posted by Karen Burnham at Wednesday 27 April 2011 @ 2:35 am GMT
This weekend, awards season really geared up. The BSFA and Ditmar awards were announced, and the Hugo award nominations were revealed. Congratulations, by the way, to all the winners and nominees reading this!
So what do awards do for us as a community? Do they help shape the dialog, or are they just something to argue over? Along the way, do you have any gripes, praise, or handicapping for this year’s season?
This conversation engendered lots of discussion in several directions (and I’m still experimenting with the best/most readable format for these posts) so I’ve decided to split the topic over three days. Check back Thursday and Friday for more Awards talk!
As usual, if you’d like to see the whole conversation on one page, select ‘View All’ from the drop down menu above. If you don’t see a drop down menu above, click here and it should show up.
I think it says a lot about how far we’ve come in terms of cultural respectability that we can, after all these years, at last see a work like “Fuck Me, Ray Bradbury” on the final Hugo ballot.
Liz: Ain’t it the truth!
Unfortunately I can’t immediately lay my hands on a copy of the book to quote accurately, but there’s a passage in Charlotte’s Web that says, approximately, that it is a fine thing to receive an award and gain the approbation of one’s peers. And that is indisputably true. No matter how we gripe and shrug and downplay it, people love awards; they love receiving them, and yes, they love witnessing them being received. They are also a boon to the statisticians among us.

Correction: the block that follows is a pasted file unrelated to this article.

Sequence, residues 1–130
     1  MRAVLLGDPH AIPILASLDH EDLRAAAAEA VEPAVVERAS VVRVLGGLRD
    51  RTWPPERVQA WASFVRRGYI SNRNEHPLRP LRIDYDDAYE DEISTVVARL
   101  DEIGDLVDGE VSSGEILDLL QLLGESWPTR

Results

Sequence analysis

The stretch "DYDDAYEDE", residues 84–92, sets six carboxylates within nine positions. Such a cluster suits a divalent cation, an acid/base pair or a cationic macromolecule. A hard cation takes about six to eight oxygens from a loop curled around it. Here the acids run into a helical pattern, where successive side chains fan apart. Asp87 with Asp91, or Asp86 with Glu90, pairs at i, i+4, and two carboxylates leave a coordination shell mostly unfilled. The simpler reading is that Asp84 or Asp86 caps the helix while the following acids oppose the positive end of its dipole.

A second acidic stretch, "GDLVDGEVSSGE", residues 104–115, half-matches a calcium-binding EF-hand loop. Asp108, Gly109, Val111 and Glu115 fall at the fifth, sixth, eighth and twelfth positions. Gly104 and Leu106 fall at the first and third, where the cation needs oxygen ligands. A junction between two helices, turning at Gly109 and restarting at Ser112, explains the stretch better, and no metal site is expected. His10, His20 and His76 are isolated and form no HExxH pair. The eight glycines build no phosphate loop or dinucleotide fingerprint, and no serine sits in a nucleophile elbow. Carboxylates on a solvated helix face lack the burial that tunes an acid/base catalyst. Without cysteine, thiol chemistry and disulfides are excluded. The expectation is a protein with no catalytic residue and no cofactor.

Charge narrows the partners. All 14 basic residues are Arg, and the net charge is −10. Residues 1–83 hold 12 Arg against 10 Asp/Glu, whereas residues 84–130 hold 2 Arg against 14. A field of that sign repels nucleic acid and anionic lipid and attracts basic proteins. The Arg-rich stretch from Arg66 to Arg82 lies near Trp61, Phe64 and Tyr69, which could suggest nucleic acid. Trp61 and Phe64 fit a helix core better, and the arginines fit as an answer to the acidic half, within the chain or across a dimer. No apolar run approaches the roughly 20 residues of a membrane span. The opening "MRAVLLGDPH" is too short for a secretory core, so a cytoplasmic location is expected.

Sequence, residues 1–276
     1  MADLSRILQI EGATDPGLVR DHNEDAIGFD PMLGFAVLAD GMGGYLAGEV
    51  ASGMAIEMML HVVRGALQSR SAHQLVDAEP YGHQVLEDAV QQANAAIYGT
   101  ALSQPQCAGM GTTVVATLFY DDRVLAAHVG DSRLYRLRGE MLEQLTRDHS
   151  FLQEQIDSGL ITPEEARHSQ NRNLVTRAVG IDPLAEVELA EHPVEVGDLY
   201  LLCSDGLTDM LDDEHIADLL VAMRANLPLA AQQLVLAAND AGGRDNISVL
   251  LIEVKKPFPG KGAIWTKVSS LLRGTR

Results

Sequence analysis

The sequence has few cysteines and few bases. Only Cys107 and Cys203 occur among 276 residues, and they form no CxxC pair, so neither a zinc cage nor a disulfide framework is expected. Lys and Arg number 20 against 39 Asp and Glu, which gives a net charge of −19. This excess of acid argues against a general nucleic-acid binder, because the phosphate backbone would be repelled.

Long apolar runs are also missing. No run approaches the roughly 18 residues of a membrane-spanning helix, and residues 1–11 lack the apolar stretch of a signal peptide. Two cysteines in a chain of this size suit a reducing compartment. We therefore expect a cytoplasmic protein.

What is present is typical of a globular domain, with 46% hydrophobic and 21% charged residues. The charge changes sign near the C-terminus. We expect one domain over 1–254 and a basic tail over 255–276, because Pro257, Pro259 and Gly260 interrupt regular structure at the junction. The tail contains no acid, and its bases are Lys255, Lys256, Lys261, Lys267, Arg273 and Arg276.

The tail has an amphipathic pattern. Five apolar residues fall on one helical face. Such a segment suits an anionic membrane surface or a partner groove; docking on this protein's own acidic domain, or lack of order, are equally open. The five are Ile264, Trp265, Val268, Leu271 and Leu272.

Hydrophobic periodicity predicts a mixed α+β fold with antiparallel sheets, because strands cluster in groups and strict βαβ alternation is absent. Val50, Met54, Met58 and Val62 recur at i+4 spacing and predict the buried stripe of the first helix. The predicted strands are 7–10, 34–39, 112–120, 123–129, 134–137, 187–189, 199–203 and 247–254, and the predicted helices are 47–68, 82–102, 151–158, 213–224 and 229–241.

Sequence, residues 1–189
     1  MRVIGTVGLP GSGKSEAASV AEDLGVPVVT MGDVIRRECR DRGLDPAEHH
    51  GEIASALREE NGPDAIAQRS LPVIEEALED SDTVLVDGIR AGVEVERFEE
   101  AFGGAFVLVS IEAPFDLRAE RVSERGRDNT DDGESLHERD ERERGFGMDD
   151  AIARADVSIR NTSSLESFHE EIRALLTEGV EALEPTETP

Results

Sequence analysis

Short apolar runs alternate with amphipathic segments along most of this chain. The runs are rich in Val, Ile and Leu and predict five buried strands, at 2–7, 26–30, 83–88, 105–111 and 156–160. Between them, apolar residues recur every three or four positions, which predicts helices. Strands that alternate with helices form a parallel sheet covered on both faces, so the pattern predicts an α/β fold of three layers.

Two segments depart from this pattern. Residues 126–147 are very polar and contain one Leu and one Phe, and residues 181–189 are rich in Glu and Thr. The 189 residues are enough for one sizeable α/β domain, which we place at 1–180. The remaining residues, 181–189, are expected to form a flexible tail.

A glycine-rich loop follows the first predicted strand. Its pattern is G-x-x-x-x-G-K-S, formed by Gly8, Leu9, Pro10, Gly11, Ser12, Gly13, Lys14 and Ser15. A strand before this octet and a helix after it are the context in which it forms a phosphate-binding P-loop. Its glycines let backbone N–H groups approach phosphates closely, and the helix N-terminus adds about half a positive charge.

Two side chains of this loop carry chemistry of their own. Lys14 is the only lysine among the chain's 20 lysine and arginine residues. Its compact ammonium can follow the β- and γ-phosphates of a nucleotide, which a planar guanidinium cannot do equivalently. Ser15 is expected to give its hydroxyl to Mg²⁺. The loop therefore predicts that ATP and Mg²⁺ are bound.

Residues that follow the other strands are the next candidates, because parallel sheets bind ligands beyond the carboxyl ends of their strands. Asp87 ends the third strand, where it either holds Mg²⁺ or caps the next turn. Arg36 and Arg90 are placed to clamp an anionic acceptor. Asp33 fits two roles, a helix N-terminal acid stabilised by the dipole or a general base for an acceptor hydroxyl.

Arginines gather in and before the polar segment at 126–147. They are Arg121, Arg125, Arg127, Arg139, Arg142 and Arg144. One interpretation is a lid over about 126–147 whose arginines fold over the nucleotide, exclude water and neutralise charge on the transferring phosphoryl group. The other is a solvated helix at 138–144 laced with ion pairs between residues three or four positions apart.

Oh, I love that quote and have always wanted to use it!
“It is deeply satisfying to win a prize in front of a lot of people.”
I think that in the SF/F world, awards may have compensated a bit for the lack of validation that quote-unquote “literary” mainstream writers and novels receive. That’s changed somewhat more recently, as genre writers more often find a place at the table alongside mainstream writers.
But as Brett said, we all still like awards. And I do think they serve a serious purpose, in that they can give encouragement and a sense of validation to artists who too often receive very little of either, in terms of financial and commercial success. They can also help with marketing — publishers like them, too — though, sadly, you can’t live on awards. Except for the Tiptree …